Early Pākehā settlers
European settlers brought their religious traditions, loyalties and conflicts with them to New Zealand. More than 90% of Pākehā were Christian, and more than three-quarters were Protestant.
Religious group membership
From the 1870s to the 1930s:
- Anglicans were about 40% of the population
- Presbyterians, mostly from Scotland, were more than 20% of the population
- Methodists, mostly from England, were about 10% of the population
- Catholics, mostly Irish, were about 14% of the population
- evangelical groups included Baptists, Congregationalists and the Salvation Army
- Jews were few in number but important in New Zealand’s cultural and economic life
- Chinese had Confucian, Buddhist and Taoist traditions
- small groups of secularists (non-religious people) also flourished.
Some churches had been a majority in the countries where they originated, but in New Zealand no one group dominated and there was no state church.
From the late 1820s many Māori converted to Christianity. The largest group were Anglicans.
Independent Māori Christian movements developed, often to resist the loss of land.
- Pai Mārire (meaning goodness and peace) flourished during the 1860s wars.
- The Ringatū faith was founded in 1867 by Te Kooti Arikirangi. Government soldiers later pursued him through the Urewera.
- Te Whiti-o-Rongomai was a prophet and resistance leader at Parihaka, Taranaki. The government sent over 1,500 troops to arrest him and disperse his followers.
- Rua Kēnana built a ‘City of God’ in the Urewera, where he was arrested by armed police in 1916.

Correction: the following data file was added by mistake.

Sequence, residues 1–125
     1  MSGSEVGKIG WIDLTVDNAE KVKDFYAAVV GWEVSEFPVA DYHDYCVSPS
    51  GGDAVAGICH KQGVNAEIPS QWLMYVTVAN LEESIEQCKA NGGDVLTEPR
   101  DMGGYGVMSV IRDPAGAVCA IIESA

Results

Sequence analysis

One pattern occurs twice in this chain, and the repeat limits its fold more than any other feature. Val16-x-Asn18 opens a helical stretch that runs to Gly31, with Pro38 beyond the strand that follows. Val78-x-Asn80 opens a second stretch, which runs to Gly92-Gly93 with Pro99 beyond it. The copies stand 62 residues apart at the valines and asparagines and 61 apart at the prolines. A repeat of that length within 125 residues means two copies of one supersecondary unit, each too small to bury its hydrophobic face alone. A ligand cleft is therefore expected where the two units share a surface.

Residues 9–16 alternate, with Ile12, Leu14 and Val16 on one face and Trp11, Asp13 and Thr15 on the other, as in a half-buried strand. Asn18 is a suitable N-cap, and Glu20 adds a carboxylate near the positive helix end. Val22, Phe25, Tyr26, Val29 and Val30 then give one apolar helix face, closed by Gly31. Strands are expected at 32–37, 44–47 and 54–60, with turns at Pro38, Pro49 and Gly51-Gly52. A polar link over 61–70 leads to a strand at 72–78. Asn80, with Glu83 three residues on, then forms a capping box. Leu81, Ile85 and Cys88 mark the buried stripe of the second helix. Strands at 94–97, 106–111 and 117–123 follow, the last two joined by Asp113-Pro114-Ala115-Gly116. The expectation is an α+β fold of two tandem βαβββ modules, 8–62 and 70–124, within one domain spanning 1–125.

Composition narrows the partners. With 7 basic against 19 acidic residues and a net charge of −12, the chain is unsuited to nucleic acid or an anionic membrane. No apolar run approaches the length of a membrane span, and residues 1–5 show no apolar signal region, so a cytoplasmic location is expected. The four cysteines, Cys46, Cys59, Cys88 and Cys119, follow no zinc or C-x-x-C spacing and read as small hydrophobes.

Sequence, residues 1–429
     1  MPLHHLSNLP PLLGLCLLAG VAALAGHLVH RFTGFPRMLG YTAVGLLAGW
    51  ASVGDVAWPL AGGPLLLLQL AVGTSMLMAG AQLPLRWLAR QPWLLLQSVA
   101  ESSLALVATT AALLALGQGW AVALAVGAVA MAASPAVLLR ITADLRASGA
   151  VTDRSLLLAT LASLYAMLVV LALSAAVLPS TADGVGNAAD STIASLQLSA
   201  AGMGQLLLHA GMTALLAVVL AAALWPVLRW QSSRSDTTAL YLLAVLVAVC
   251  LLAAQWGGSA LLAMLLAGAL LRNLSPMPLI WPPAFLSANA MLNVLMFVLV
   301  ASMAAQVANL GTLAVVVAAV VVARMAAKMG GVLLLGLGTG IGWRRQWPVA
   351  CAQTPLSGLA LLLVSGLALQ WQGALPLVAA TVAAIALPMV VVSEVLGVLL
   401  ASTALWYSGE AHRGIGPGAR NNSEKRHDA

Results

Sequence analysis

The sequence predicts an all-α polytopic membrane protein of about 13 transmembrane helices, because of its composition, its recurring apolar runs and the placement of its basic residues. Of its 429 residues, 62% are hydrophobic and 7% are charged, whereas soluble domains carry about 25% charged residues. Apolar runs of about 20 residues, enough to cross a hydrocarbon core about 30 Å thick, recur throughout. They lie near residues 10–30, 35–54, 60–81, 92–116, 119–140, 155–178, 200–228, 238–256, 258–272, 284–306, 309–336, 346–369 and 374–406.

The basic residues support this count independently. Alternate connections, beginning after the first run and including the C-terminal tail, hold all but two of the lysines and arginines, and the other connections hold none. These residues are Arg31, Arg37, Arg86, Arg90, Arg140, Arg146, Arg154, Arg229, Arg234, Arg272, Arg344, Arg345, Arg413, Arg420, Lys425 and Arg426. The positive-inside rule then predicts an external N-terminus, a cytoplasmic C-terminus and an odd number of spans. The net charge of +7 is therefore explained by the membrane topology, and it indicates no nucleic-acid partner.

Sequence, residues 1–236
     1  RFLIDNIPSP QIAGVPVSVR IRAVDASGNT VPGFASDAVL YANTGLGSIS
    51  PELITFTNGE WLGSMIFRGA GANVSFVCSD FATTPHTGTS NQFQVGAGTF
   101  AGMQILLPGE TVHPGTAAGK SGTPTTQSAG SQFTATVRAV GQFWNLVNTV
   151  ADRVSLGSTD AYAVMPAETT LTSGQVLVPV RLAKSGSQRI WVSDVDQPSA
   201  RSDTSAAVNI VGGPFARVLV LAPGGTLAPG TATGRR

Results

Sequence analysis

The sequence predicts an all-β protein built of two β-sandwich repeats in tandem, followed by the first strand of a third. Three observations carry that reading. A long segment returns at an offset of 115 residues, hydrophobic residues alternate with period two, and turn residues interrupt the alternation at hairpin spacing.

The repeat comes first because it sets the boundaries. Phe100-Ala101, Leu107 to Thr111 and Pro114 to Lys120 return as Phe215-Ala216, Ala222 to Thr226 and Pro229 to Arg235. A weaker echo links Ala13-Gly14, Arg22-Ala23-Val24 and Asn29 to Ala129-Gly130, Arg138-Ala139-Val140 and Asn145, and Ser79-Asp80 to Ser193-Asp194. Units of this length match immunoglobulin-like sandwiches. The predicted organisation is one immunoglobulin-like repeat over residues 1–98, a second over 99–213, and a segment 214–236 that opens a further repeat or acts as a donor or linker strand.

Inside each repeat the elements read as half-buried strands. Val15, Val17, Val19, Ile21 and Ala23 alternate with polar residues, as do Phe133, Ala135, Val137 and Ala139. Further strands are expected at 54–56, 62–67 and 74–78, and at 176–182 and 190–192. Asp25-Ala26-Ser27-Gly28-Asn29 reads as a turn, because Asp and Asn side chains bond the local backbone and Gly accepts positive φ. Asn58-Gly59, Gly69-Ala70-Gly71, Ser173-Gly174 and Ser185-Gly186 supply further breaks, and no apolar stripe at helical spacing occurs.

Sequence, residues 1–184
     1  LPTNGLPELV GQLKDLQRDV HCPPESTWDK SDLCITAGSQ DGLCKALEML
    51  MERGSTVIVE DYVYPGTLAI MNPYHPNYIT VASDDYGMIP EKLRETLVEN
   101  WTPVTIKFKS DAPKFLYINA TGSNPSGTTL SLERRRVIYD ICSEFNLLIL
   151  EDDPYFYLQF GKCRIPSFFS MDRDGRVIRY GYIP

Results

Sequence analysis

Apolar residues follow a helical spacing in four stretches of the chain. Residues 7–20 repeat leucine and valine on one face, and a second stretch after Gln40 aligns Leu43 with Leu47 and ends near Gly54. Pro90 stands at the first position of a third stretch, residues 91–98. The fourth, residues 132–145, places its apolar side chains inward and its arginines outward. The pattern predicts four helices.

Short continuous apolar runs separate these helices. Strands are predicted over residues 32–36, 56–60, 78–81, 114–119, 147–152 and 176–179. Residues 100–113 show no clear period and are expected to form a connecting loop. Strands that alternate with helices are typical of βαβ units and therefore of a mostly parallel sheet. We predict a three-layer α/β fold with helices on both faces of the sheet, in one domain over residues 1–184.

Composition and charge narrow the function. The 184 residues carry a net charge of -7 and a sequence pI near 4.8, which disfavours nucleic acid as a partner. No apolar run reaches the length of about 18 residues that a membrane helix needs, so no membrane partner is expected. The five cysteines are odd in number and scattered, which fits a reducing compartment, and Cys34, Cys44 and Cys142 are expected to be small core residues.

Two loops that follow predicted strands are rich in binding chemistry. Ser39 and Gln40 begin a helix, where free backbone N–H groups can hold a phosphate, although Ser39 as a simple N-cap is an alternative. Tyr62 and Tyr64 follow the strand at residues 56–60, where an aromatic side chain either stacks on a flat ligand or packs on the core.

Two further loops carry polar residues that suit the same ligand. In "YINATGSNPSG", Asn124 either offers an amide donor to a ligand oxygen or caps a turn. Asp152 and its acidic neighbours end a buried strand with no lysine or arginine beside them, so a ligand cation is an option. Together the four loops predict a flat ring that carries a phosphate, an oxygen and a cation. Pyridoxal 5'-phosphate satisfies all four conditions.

Religion and politics
In the mid-19th century Anglicans led the campaign for Māori rights and welfare, which many settlers opposed.
From the 1870s to the 1930s Presbyterians, Methodists, Congregationalists and others worked together against gambling and alcohol, and in support of votes for women (won in 1893).
The Labour Party, which won power in 1935, presented itself as the party of practical Christian compassion. Many Labour politicians were church ministers, and the party formed an alliance with the Rātana Church.
Conflict sometimes emerged between Catholics and Protestants, as it had in Ireland. Catholic schools were denied government funding until 1975.
Non-religious conscientious objectors were forced to go to war and punished if they refused to do so.
Towards religious diversity
From the 1960s church membership and attendance declined, and in 2013 42% of the population said they had no religion. However, many Pacific Islanders were still Christian. Mosques and temples were built as new immigrants arrived from a wider range of countries.